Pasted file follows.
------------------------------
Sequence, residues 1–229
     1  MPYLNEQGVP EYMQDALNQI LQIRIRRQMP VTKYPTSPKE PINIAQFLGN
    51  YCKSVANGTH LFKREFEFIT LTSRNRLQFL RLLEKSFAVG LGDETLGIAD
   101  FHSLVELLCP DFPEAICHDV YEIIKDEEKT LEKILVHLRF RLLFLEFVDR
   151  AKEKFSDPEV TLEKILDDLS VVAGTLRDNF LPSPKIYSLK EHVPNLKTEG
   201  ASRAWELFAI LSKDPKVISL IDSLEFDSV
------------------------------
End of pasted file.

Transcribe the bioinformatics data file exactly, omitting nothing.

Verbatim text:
Sequence, residues 1–229
     1  MPYLNEQGVP EYMQDALNQI LQIRIRRQMP VTKYPTSPKE PINIAQFLGN
    51  YCKSVANGTH LFKREFEFIT LTSRNRLQFL RLLEKSFAVG LGDETLGIAD
   101  FHSLVELLCP DFPEAICHDV YEIIKDEEKT LEKILVHLRF RLLFLEFVDR
   151  AKEKFSDPEV TLEKILDDLS VVAGTLRDNF LPSPKIYSLK EHVPNLKTEG
   201  ASRAWELFAI LSKDPKVISL IDSLEFDSV